We set reasonable rules for our kids and tried to teach them the right way. When they messed up we let them know without being overbearing. Very seldom did we come down hard on them because it only causes resentment. Kids are kids and when they mess up they will know it if we have taught them well and set a good example.

Gary S

I was diagnosed at 11, and am now 30 years old and doing really well. The teen years are tough, but I think you're doing the right thing by trying to find a balance. Diabetes camp helped SO incredibly much, that would've been my first suggestion to you! One thing I really wished my parents had understood is how much I wanted to be just like everyone else. Everything makes you self conscious as a teenager already, and when you add diabetes into the mix, it just gets worse. So, I would suggest trying to be sensitive to the fact that diabetes might make her self conscious. For example, try not to bug her about it in front of her friends too much. If you have to talk about it, pull her aside and do it discretely. Find ways to let her participate in normal teenage girl things without feeling like the "odd" one out because she's not allowed to eat this or that or has to take a shot or eat a snack, etc. For example, if she's headed to a party, discuss before hand how she is going to handle eating or taking medication and work out a plan that you're both comfortable with.

One other big thing that would've helped me and my parents tremendously is to realize that "high" or "low" do not mean "bad" and "in range" does not mean "good". Take the value judgments out of the lows or highs and see them just as the numbers that they are. Just because your daughter is high or low does not mean you or she have failed in some way. See the numbers as a reference point for what you need to do next, not as a judgement about what has happened in the past. Does that make sense? I spent a lot of time feeling guilty about being high or low, and my parents and I got in a lot of fights about why I was high or low too. Even if your daughter and you do everything right, she will not always be in perfect control because of teenage hormones, emotions, and the nature of diabetes. And please don't hesitate to ask any more questions, we're all here to help!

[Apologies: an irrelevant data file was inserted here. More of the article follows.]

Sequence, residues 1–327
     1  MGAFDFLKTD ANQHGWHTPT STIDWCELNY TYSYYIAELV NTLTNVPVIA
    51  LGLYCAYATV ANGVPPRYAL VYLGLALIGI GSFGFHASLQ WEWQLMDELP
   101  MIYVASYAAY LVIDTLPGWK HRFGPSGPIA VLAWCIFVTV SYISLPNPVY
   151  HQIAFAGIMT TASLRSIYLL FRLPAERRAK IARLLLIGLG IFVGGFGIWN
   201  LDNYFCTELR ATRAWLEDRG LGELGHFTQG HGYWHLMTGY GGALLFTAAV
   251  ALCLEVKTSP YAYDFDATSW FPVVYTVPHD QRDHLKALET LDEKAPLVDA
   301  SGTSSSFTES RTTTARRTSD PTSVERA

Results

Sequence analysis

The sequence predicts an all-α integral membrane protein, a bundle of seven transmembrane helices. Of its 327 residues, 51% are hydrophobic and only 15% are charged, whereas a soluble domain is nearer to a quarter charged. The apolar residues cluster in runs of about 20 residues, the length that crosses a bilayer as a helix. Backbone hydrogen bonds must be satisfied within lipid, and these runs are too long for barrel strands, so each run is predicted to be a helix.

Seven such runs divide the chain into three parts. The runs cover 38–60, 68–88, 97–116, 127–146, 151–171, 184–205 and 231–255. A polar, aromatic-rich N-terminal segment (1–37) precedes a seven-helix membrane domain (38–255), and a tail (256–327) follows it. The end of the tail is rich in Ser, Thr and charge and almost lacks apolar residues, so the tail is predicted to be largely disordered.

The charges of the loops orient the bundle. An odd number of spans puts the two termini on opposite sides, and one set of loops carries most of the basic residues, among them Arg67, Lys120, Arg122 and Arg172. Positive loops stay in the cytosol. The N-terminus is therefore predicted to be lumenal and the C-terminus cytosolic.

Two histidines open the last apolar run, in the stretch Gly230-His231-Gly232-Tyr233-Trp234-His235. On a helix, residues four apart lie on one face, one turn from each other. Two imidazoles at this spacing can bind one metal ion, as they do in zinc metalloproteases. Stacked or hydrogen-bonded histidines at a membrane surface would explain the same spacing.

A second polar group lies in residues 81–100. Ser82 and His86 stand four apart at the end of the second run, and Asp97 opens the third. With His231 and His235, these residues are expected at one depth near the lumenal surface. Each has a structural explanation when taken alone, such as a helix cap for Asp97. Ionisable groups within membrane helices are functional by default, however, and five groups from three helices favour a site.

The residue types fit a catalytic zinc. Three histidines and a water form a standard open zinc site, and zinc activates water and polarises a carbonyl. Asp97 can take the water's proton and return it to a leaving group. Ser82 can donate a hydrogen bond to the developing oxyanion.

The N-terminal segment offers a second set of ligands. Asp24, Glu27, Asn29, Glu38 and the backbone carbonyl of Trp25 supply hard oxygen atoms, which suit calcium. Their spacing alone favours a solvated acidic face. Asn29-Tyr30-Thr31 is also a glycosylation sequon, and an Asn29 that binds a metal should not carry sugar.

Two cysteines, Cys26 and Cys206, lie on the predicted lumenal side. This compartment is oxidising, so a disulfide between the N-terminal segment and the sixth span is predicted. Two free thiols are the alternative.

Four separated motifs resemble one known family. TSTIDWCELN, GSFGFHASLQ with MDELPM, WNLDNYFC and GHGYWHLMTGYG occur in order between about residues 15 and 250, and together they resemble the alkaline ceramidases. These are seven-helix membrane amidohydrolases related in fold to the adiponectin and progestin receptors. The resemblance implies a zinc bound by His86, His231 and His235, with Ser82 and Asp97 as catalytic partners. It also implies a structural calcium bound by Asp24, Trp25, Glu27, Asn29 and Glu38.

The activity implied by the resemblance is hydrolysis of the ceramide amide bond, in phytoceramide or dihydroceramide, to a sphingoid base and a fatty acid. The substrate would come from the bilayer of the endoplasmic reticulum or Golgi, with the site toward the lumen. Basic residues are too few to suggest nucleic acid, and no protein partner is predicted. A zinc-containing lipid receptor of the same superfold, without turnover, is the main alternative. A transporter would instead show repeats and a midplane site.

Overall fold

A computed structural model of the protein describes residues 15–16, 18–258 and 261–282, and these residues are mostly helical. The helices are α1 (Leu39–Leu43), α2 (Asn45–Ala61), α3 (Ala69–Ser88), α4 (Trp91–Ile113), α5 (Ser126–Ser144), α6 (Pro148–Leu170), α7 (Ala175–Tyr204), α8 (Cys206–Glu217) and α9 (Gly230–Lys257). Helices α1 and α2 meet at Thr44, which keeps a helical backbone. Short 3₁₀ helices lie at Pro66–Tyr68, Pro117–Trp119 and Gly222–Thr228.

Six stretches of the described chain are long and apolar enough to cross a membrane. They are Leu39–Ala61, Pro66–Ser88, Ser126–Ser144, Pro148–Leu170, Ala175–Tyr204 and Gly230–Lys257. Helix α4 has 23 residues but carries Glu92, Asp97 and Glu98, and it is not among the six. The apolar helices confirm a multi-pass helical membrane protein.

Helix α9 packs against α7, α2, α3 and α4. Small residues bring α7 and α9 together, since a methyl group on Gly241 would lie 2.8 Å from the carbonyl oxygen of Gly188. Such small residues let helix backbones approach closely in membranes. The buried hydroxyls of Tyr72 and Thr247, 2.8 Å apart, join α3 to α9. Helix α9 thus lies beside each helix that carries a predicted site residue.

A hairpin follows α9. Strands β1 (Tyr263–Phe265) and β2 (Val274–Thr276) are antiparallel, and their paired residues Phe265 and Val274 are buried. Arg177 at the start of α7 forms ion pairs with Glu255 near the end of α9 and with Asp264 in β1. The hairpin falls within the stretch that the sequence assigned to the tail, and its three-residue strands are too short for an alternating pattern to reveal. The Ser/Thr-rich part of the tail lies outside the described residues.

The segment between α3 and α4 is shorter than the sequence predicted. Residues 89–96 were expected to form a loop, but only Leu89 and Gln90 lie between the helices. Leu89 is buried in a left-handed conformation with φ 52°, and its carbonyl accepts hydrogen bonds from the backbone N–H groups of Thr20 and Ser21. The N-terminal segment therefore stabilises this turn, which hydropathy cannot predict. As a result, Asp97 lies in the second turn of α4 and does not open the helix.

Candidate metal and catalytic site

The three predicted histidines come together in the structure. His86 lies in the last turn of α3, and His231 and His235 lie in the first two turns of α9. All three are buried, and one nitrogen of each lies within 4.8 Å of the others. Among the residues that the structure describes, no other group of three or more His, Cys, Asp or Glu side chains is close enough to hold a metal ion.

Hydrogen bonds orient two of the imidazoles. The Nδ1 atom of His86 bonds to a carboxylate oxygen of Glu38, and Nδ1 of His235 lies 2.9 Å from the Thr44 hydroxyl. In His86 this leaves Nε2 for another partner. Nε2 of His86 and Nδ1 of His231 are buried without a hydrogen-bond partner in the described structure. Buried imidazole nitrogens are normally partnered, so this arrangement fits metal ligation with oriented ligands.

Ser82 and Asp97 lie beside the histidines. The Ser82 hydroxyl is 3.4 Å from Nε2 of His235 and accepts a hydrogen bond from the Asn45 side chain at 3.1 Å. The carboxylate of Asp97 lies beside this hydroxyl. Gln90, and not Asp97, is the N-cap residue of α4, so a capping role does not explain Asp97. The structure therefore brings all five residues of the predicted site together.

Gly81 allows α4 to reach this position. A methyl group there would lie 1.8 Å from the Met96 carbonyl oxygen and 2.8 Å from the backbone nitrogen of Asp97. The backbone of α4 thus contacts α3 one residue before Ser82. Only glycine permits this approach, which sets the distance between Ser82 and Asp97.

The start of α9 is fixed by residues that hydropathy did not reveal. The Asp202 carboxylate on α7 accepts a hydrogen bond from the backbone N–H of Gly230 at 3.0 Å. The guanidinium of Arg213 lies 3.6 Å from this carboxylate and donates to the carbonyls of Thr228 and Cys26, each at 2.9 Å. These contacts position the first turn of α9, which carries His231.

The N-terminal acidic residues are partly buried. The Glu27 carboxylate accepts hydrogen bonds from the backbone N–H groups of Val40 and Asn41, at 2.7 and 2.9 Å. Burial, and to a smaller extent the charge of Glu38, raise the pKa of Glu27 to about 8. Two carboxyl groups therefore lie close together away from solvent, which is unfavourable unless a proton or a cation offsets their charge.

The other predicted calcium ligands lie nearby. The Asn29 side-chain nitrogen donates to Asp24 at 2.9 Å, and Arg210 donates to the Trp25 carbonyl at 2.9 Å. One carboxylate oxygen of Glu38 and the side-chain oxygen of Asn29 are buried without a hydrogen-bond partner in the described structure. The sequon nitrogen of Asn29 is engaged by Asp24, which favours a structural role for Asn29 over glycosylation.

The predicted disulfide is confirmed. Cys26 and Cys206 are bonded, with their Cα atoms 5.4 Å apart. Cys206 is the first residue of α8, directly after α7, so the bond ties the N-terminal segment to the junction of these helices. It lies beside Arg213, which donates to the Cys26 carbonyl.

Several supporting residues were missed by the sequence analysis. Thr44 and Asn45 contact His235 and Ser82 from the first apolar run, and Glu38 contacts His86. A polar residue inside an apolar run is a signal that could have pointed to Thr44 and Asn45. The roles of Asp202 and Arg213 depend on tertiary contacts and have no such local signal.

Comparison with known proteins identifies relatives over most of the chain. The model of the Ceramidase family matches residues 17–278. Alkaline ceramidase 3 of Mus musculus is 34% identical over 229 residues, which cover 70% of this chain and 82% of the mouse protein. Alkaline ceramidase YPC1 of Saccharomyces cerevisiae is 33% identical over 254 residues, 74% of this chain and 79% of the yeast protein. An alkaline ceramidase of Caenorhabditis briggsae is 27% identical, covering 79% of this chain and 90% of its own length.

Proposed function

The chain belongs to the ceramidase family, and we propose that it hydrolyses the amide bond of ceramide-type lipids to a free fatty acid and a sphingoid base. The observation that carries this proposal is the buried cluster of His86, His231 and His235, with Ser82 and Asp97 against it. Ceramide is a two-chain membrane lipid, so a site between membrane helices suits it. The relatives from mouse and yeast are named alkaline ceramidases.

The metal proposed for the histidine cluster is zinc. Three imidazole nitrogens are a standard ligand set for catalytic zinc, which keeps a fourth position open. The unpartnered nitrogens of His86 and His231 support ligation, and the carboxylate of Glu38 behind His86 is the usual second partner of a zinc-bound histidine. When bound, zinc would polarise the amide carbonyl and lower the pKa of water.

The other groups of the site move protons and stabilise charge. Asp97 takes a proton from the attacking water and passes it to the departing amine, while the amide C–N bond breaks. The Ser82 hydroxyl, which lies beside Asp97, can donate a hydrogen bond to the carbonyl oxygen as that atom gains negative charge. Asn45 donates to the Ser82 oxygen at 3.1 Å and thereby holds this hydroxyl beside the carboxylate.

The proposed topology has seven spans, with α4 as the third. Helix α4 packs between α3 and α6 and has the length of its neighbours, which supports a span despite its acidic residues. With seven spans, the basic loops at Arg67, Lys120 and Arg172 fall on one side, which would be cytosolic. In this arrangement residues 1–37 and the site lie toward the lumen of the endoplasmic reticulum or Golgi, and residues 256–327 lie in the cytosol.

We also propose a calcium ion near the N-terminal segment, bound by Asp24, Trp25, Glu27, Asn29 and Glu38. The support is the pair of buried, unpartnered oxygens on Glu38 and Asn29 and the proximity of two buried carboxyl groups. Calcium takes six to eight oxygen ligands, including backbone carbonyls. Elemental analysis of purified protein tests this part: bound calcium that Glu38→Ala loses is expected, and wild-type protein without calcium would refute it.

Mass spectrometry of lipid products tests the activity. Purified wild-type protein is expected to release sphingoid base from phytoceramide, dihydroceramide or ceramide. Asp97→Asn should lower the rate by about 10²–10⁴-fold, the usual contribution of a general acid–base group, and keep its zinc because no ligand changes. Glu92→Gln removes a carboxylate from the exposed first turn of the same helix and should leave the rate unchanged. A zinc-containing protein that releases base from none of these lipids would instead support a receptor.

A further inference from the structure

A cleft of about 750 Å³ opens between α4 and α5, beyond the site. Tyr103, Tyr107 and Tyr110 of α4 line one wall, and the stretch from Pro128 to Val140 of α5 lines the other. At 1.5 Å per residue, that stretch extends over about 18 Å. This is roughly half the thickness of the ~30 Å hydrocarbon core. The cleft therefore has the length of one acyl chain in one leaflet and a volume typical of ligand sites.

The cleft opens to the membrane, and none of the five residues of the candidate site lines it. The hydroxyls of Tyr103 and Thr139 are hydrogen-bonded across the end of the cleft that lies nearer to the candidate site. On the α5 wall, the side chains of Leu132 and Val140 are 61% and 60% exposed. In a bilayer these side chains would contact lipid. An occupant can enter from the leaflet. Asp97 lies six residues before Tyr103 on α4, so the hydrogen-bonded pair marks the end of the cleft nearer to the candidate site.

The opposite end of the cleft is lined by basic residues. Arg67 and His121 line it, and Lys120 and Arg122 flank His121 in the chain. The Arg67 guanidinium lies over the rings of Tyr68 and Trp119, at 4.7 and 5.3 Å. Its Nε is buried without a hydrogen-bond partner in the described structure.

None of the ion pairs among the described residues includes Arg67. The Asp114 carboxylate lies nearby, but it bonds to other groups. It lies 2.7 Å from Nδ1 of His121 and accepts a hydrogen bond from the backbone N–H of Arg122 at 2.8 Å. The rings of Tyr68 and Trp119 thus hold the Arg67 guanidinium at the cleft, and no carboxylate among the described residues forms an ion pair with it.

Erin Huff Carper is right on. Be careful of her self-consciousness and in front of her friends. She will have mistakes and will have to learn from them--everyone does. Also, when Erin says to take the value judgement out of the numbers and just see them as numbers....that was HUGE for me. There was too much of the "good" numbers vs the "bad" numbers that I just felt like a failure most of the time.